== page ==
Paralympian says Limerick needs better wheelchair welcome

James McCarthy
Limerick paralympian James McCarthy

LIMERICK two time Paralympic Athlete, sports coach and wheelchair user James McCarthy said there are changes needed to make his home town a place where wheelchair users feel welcomed.

Newly-wed, James said improvements to pavements in town, car parking and more automatic doors on shops would make life easier for the wheelchair user.

“There are some pieces of pavement sticking up or there are holes in others, this can be treacherous for a person with a wheelchair especially if town is very busy or in the darker evenings.

“When parking, sometimes there is a pole beside the stop indicating it’s a wheelchair zone, the thing is, this pole can prevent you getting the wheelchair out especially if it is in the back seat.

“I am thinking more of the person who is pushing the wheelchair rather than the user themselves. It can be hard for a person with a pram at times and prams are generally lighter than many wheelchairs.

“Getting into shops can be quite easy, the egress can be tricky at times. There are some places I don’t visit and I’d only go to others on certain days to avoid the crowds,” said James.

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James said that while not everywhere is fully accessible, there is a very big choice of places to visit and that staff are much better at dealing with people in wheelchairs.

“Rarely does the person with me get asked ‘will this be ok for him?’, instead I get asked what suits you best? There is minimal fuss made and rarely are other customers, especially in restaurants discommoded. This stops you getting the ‘dirty looks’ for the rest of your meal and therefore you can sit back and relax,” said James.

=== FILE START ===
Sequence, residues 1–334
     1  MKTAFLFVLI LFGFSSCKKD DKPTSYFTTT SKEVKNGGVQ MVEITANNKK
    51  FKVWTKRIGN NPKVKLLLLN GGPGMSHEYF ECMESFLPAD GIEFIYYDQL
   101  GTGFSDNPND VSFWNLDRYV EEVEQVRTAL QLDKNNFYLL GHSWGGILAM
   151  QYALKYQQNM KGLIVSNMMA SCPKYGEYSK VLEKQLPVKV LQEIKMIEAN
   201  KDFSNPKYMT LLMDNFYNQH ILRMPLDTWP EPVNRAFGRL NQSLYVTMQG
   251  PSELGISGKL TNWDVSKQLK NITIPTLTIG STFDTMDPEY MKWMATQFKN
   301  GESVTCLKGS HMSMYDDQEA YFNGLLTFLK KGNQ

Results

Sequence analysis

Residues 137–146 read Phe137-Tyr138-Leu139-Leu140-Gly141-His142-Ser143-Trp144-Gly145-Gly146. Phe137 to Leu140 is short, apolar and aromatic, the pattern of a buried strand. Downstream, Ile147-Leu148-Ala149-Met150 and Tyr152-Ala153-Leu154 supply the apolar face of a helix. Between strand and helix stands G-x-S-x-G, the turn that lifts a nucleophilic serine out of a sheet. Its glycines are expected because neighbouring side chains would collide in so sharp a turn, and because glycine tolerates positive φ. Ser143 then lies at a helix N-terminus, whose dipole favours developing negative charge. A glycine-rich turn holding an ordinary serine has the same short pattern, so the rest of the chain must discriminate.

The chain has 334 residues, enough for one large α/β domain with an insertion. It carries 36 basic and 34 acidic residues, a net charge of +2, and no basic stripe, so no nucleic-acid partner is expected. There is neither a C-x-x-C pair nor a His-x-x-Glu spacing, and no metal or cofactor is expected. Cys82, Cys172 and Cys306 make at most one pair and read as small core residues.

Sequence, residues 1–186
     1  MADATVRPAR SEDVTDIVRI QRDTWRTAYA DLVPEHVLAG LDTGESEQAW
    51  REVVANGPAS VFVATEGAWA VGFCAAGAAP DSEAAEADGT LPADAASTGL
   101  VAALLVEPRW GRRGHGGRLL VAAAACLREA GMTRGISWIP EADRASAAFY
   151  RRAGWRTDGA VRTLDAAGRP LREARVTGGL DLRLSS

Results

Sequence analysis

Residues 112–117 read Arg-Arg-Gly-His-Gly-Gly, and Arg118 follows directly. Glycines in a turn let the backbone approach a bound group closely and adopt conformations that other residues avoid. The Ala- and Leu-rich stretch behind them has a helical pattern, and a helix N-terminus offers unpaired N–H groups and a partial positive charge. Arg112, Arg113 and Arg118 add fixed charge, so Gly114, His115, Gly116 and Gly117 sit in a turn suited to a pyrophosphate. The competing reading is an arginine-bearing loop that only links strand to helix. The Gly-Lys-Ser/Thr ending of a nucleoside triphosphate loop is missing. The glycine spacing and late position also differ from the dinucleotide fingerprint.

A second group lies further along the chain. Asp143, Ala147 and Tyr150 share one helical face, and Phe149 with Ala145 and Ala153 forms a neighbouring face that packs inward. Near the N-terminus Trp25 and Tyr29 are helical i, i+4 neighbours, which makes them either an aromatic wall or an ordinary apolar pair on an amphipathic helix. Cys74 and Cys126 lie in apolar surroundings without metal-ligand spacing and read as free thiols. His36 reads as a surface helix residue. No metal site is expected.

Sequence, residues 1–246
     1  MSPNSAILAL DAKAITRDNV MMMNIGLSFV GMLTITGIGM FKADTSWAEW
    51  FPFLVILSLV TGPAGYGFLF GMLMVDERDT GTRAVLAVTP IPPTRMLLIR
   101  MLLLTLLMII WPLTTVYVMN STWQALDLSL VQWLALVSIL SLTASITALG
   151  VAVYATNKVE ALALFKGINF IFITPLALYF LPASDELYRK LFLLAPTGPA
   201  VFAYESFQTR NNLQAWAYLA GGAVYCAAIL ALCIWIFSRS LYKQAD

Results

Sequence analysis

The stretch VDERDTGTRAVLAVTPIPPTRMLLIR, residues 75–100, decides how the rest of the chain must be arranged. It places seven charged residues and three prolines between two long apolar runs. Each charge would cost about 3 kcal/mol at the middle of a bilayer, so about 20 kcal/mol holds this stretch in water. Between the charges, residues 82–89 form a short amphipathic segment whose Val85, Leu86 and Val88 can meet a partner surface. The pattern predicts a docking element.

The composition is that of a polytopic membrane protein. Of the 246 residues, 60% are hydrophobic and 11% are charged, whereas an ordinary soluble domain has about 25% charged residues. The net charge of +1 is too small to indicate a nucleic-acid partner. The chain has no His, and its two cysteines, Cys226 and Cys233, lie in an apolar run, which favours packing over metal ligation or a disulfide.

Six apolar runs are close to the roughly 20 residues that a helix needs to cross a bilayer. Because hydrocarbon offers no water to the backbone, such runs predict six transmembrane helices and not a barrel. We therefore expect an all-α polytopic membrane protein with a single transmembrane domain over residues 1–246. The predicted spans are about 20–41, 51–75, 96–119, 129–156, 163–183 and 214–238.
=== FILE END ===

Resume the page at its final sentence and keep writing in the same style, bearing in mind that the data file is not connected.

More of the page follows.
A civil servant, driving since the early 90s, James said having wheelchair designated parking spaces painted blue does help with clearly identifying a wheelchair blue badge holder parking space, but fining people for misusing the wheelchair parking spot is definitely a deterrent.

“People are definitely more conscious of not parking in the wheelchair spot. Some people, if challenged, will just continue on as if there is no issue. Alternatively, the amount of times I get told ‘oh I will be just 5 minutes I have to just pick something up’ would make me rich if I was getting a €1 for every time I hear it,” said James.

James said people have become accustomed to seeing people with wheelchairs around town and so are more mindful of not standing in the middle of footpaths

“If you can go to more places, then, more people will go to them. No longer are people staring at you. Perhaps seeing what team Ireland athletes in Rio or London did makes people more aware of the ability rather than the disability,” added James.

James McCarthy
Limerick paralympian James McCarthy

Having retired from athletics in 2013, James has been coaching since and was part of the coaching team for the Irish Team that competed in the World Juniors in Czech Republic in 2017.

“I would encourage, where possible, anybody to get involved in sport or recreation. It has certainly helped me live a longer and healthier life than might have been the case. It gets me out and about, I’ve travelled the globe and I have met some wonderful people and made some terrific friends. Sport has also given me a confidence to overcome and to be determined and this in turn has helped me in my day to day living and in my job,” added James.

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